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The Evangelical Exchange: The Gospel for Life Coaching

The Evangelical Exchange: The Gospel for Life Coaching

I was reminded today that … well, the fastest growing churches in our land are producing guilt-ridden workaholics rather than a community of men and women who believe in Him and rejoice with joy that is inexpressible and filled with glory, obtaining the outcome of [their] faith, the salvation of [their] souls!” (1 Pet. 1:9). Rather than the celebration of peace with God, I fear we promote a spiritual anxiety in people who feel like, if they are following God the way they should, their lives should be fixed by now. 

LCoachI was reminded of this tension as I read this Facebook post today. It’s from an old friend, talking about his church’s upcoming weekend services. Needless to say, the names are fictitious:

Tomorrow is going to be an epic day at our Midtown Campus! John Doe, Jim Doe and Josh Doe combining on a message about Lazarus. Jessie Doe narrating. Jen Doe communicating. Jeremy Doe leading music. Our bulletins to take notes on… they are toe tags that read: Deceased: Lazarus. Physician: Jesus. Funeral Director: Martha. Case #: John 11. We’ll be looking at overcoming obstacles, trusting for miracles, and removing entanglements. I’m so excited for how God is going to use this in my life and in the lives of others.

It sounds like quite a production. There was a day when I would have been proud to be a part of such an “epic day”.

Now, there are a few things about this enterprise that make me squirm a bit, but aren’t that big a deal. All of the terminology is strikingly not-church (campus, communicating, leading music, bulletins). Jesus being termed as “physician” (only?). Playing into our culture’s CSI-enflamed media passion for crime dramas. It’s obvious that this service has been designed with seekers in mind … so the gathering seems produced to capture the fancy of non-Christians, more than to engage its own membership in the Biblically-prescribed worship of God through Christ.

LAZWhat I find most disheartening, though, is the hermeneutic of the “message”. The story of Lazarus is a narrative story that speaks of the grandness and glory of God, the power of resurrection, and the beauty-for-ashes reality of salvation! It’s about how great God is, and how we should praise Him, be assured by Him, and believe in Him. That’s why “these things were written” (John 20:31).

But, in true contemporary Evangelical fashion (and I say this with great warmth, since I, too, have been an Evangelical for so many decades), they’ve taken this glorious story, and turned it into a self-help seminar. Jesus is the one who can help us overcome obstacles and remove entanglements … perhaps even perform a miracle if we trust in Him correctly. The “gospel” behind this version of the story is: Incorporate Jesus into your life, and He will make it run more smoothly. Your life is what matters, and Jesus is here to help.

Again, I have to admit that I would probably have taken the same tack on this passage a few years ago. That’s before I was introduced to the classical hermeneutic of “law and gospel”. Preaching the law (telling people what they should do to be pleasing to God) is a painful-yet-necessary word for those who aren’t Christians. They need to know why they should repent of their sins, and seek to be forgiven by God. But, for the truly repentant, broken soul – the Christian – what’s needed is not the law, the but comforting assuranceget to work of the gospel: God’s love overwhelms your sin, so that you are at absolute peace with God. This gospel also serves as the greatest motivator to righteous conduct.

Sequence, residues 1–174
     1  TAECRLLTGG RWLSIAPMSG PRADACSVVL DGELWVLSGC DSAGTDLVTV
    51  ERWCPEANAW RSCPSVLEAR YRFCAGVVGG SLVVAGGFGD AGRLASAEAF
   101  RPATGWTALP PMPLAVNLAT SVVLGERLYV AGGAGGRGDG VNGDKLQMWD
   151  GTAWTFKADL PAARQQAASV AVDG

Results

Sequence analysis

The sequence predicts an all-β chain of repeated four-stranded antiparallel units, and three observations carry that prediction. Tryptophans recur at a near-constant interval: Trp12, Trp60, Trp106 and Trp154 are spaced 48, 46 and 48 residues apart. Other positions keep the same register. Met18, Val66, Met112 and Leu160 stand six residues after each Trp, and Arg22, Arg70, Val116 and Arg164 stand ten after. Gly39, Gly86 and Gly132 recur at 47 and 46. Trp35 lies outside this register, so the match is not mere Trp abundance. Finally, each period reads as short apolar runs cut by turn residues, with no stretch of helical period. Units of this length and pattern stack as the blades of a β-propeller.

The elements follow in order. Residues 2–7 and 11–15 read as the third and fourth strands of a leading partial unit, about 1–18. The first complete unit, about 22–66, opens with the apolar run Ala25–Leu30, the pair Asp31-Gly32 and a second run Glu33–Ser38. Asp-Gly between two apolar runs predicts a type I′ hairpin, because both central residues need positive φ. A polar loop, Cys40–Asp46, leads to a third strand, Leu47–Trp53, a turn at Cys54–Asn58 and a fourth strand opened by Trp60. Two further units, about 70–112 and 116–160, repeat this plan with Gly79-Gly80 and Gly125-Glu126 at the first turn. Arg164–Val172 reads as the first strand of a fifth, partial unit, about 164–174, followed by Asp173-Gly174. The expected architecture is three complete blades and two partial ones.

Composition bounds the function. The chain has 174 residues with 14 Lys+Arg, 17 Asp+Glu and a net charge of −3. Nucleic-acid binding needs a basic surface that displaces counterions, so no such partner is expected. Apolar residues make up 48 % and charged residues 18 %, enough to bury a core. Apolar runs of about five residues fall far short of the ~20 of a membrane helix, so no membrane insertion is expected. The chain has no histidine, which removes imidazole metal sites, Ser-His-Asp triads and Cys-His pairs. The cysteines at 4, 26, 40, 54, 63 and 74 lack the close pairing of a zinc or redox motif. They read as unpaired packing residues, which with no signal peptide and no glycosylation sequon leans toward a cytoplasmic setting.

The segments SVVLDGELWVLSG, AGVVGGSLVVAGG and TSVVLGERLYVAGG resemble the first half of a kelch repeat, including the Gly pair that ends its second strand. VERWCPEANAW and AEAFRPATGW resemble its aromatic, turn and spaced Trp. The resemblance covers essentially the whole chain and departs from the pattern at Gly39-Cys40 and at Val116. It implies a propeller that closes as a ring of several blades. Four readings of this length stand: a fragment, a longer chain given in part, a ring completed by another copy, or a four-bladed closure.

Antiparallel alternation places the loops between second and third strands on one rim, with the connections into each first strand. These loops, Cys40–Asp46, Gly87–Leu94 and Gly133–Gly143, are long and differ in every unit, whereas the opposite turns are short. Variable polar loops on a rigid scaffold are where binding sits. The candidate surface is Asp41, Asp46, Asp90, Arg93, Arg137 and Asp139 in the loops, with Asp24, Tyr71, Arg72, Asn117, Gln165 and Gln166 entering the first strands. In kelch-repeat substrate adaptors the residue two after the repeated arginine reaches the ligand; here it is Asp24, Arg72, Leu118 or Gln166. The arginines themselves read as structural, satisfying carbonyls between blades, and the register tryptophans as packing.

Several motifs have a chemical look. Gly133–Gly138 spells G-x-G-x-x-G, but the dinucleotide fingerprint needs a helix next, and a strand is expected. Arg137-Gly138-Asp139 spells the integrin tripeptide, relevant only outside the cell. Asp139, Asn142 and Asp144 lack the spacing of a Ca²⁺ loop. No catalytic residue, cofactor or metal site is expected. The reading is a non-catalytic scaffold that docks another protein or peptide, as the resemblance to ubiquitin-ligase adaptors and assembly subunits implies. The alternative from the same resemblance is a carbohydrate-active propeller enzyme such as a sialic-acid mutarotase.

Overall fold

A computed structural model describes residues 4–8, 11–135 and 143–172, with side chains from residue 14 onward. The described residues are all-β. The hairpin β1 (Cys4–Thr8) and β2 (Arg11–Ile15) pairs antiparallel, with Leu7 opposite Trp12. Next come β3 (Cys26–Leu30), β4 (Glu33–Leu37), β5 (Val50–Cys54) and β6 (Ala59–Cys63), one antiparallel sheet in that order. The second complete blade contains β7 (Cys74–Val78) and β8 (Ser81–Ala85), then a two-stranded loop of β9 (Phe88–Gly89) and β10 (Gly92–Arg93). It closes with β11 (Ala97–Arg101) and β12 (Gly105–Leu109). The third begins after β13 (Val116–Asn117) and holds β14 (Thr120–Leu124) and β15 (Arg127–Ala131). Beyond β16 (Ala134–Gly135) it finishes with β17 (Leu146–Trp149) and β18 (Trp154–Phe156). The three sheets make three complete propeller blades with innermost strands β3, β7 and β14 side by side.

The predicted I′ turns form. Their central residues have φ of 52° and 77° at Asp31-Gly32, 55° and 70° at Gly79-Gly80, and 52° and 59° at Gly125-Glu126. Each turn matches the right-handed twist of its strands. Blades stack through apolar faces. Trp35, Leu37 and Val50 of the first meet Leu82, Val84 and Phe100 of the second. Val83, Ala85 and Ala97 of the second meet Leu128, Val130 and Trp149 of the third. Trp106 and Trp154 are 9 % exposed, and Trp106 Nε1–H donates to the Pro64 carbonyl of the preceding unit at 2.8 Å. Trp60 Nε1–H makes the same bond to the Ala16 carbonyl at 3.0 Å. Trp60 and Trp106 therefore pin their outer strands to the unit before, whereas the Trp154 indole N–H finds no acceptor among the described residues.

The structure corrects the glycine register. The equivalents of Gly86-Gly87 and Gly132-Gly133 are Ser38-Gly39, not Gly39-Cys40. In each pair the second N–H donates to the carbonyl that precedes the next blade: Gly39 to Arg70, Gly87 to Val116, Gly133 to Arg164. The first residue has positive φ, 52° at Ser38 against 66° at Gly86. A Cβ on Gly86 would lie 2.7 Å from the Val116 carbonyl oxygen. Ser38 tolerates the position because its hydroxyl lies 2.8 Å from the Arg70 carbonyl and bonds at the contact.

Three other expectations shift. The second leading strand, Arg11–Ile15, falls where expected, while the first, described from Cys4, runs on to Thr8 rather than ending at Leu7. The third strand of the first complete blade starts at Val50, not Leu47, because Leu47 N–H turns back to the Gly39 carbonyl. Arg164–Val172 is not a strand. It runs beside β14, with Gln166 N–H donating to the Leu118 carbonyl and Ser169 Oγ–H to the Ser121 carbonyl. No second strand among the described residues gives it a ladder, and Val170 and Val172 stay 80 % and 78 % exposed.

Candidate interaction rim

John 11 is, as much as any passage in the New Testament, a celebration of the completed work of Jesus – the gospel! To turn this around and use this text to instruct people how they should do their faith (appropriate the life-helps offered by Jesus … not in this passage, but perhaps elsewhere) lays burdens on the lives of believers from which Jesus came to alleviate! And, as we baptize our services in the trappings of contemporary culture, affirming to our world that you aren’t supposed to be like God, but that we and God want to be just like them … we fail to tell unbelievers that what they need most is a repentant heart, not the instructions of a life coach.

I’m so thankful for those who have recently nurtured me in classical understandings of the gospel. I wish I had known these things earlier. I am genuinely sad for the lives I’ve stressed out over the years of overemphasizing “practical application” (the “so what” and “now what”). Lord, in Your mercy, hear my prayer of repentance, and continue to lead me to an authentically redemptive proclamation of the gospel.

– EO

 

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Christianity and Patriotism

Christianity and Patriotism

The 4th of July is coming. In the life of the church, there is often tension associated with the holiday.

In the U.S.A., most in our congregations are citizens (though there are also immigrants, aliens and sojourners among us). Most of these are proud of their country. In many churches, the expression of that national pride has become a part of Sunday worship celebrations, and even special programming centered around our pride in, love for, and allegiance to the U.S.A.

Some cry foul. Others are ready to tar-and-feather you if you don’t enter in.

Recently, John Piper shared his thoughts about Christianity and Patriotism in an online podcast. I’d like to share my thoughts in relation to Piper’s in an attempt to set an appropriate course for churches.*